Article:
The Permanent and Golden Butterfly Portfolios performed well across eras because of their allocation to gold.

Gold’s investment characteristics are very different from traditional assets like stocks and bonds. In particular, gold tends to outperform during periods in which stocks and bonds underperform. This is important as the world enters a new investing era that may not be favourable to the standard 60/40 portfolio.

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I originally planned on printing the guide and selling copies for $20+. Instead I’m giving this away free because I think we all need to help each other during these difficult times.

Investing Wealth

Compounding and the Self-Funding Portfolio

“Compound interest is the eighth wonder of the world. He who understands it, earns it … he who doesn’t … pays it.”

Albert Einstein
Aivazovsky Shipwreck, 1856, pencil and gouache on paper

Let’s say you’re 20 years old and have 40 years until retirement. If you’ve been reading this blog you know that you need to start saving and investing early to get time on your side.

You’ve also probably seen growth charts – like the one below – showing how an annual contribution of $10,000 to a portfolio that returns 6% would grow over the years. This illustrates the simple concept that time + return on investment provide exponential growth over the long run.

This is the power of compounding

Compounding describes how an investor gets returns on their initial investment plus returns on the returns on that initial investment. Returns on returns – that’s when your money starts really working for you. That’s when it takes a life of it’s own.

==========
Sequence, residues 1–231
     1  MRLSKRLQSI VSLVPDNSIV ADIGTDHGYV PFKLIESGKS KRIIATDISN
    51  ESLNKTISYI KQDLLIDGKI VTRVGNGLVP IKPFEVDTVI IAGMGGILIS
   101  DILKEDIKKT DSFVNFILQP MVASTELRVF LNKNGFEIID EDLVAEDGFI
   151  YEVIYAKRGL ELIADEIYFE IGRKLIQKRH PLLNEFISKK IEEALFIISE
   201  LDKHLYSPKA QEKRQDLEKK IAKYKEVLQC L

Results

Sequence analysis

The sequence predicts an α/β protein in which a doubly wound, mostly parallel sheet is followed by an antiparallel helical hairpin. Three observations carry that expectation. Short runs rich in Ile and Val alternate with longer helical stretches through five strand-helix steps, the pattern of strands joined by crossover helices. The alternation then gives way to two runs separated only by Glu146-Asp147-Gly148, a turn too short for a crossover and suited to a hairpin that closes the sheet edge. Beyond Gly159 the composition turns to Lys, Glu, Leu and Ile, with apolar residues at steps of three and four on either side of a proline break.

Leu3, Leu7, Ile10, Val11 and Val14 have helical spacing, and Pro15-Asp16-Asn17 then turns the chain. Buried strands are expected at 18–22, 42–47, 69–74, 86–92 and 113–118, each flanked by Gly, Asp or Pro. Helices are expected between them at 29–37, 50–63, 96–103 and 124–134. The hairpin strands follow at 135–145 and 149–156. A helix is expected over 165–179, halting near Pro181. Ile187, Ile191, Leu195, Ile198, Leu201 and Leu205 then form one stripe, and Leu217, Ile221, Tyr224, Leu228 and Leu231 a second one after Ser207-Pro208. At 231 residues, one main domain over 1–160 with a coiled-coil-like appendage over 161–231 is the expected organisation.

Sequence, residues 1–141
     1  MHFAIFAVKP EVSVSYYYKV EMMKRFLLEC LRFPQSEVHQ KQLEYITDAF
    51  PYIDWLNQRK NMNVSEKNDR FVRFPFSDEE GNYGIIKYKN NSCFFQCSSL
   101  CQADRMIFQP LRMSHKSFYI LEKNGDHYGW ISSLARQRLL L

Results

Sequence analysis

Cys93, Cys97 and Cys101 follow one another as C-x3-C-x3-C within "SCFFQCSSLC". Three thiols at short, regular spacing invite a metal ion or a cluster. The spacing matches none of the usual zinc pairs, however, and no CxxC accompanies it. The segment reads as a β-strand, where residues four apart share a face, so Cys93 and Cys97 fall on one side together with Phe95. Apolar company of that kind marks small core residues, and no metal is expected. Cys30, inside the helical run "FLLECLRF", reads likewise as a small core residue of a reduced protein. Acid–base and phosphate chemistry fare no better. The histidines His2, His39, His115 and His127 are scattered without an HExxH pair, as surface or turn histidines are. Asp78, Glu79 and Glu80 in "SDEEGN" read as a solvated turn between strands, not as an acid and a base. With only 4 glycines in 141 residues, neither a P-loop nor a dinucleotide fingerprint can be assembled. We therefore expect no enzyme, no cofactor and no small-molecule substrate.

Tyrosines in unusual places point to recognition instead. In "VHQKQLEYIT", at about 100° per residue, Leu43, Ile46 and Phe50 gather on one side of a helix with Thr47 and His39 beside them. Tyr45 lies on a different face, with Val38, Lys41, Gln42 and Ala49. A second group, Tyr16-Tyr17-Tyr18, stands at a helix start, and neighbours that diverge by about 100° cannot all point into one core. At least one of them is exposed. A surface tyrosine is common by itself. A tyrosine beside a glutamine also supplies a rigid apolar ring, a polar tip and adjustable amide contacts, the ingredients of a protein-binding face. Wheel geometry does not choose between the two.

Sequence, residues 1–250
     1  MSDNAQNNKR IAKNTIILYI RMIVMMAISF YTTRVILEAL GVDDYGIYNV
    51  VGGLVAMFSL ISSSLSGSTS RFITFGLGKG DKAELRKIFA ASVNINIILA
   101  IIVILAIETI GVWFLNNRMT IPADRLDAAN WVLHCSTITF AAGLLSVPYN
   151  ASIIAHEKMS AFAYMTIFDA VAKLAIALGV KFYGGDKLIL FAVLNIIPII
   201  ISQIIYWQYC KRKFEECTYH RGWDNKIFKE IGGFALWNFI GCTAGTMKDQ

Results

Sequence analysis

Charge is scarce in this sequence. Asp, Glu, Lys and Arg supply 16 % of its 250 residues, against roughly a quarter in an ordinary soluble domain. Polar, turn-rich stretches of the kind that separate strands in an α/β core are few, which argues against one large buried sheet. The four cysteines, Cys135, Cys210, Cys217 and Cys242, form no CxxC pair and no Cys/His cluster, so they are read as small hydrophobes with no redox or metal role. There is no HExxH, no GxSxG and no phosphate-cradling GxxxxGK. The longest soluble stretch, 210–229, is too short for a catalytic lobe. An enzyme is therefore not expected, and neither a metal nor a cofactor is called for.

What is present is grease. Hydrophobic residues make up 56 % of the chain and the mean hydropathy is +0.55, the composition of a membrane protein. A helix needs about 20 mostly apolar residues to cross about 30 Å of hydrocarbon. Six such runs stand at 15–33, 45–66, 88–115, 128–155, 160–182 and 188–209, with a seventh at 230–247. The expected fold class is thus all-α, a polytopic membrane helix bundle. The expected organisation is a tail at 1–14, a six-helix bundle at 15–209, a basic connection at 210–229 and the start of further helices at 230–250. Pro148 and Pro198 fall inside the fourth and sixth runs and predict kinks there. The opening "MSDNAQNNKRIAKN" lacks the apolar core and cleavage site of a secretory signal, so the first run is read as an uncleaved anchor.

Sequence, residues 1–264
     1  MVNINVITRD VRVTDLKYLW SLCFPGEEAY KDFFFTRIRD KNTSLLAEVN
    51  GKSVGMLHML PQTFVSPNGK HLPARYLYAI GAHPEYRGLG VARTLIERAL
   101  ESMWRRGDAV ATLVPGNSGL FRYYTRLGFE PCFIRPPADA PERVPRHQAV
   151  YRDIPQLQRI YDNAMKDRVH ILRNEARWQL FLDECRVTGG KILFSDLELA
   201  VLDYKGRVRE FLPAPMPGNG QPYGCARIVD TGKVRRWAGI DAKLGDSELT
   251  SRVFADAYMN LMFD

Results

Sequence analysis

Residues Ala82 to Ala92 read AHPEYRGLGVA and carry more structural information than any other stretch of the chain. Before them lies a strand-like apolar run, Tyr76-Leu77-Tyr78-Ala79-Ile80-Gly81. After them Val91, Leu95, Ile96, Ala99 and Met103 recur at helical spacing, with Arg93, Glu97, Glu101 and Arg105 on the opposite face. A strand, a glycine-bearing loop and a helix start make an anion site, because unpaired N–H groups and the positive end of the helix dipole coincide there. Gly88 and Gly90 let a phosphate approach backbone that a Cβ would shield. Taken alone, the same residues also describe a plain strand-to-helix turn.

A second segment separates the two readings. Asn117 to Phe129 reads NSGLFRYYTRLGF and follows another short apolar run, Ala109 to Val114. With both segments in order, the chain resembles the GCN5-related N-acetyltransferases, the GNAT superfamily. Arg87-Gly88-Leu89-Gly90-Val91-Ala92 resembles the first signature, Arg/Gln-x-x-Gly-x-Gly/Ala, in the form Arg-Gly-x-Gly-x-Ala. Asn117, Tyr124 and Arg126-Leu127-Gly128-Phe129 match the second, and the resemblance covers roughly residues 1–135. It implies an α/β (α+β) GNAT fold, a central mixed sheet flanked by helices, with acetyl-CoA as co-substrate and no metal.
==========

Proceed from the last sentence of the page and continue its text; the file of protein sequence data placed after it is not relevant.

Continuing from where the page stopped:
When contributing regularly to a retirement nest egg, there is a point after which your portfolio learns to fly on its own.

In the early days, your portfolio is small. So most of your portfolio’s growth is dependent on your contributions. During this time, investing feels like an uphill battle – it’s more an exercise in saving than generating returns. This is frustrating for many, as the dollar value of annual portfolio returns are small during this period. The vast majority of annual portfolio growth comes from your contributions.

However, over time this eventually changes. At an average annual return of 6%, portfolio returns outpace contributions by about year 13. As you can see in the chart below, once this point is passed, the portfolio becomes self-funding in a way, with the dollar value of annual portfolio returns increasingly outpacing the value of annual contributions. Of course, it is best not to think of the portfolio as self-funding, and you should keep contributing to accelerate future growth.

It isn’t until these later stages that you truly start to see the benefits of compounding.

The chart below shows the same thing as the previous chart, except it shows annual portfolio return and annual contribution as a proportion of portfolio growth. I think this really highlights why people get frustrated in the early years of investing. You can see how in the early years, the only growth is due to your own personal sacrifice. Your friends are spending their paychecks on BMW payments, while you suffer in silence to fund your portfolio with little to show for it.

However, while your friends have a negative net worth 13 years later, you’ve built a portfolio that has really started to take off.